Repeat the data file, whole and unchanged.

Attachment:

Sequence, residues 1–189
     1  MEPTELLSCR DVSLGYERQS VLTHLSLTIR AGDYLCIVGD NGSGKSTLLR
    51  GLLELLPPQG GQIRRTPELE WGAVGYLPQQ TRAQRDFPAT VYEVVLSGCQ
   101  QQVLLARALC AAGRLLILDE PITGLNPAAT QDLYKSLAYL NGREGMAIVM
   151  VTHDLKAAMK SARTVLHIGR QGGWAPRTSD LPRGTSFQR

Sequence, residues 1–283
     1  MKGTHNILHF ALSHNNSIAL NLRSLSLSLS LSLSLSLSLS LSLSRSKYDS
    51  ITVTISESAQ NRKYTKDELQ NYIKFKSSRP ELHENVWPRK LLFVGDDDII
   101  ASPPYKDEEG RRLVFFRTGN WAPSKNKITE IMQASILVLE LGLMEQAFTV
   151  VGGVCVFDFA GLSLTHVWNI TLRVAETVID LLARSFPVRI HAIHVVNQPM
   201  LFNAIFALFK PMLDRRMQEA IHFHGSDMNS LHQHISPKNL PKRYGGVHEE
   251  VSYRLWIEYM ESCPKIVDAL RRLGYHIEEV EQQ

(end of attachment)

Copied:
Sequence, residues 1–189
     1  MEPTELLSCR DVSLGYERQS VLTHLSLTIR AGDYLCIVGD NGSGKSTLLR
    51  GLLELLPPQG GQIRRTPELE WGAVGYLPQQ TRAQRDFPAT VYEVVLSGCQ
   101  QQVLLARALC AAGRLLILDE PITGLNPAAT QDLYKSLAYL NGREGMAIVM
   151  VTHDLKAAMK SARTVLHIGR QGGWAPRTSD LPRGTSFQR

Sequence, residues 1–283
     1  MKGTHNILHF ALSHNNSIAL NLRSLSLSLS LSLSLSLSLS LSLSRSKYDS
    51  ITVTISESAQ NRKYTKDELQ NYIKFKSSRP ELHENVWPRK LLFVGDDDII
   101  ASPPYKDEEG RRLVFFRTGN WAPSKNKITE IMQASILVLE LGLMEQAFTV
   151  VGGVCVFDFA GLSLTHVWNI TLRVAETVID LLARSFPVRI HAIHVVNQPM
   201  LFNAIFALFK PMLDRRMQEA IHFHGSDMNS LHQHISPKNL PKRYGGVHEE
   251  VSYRLWIEYM ESCPKIVDAL RRLGYHIEEV EQQ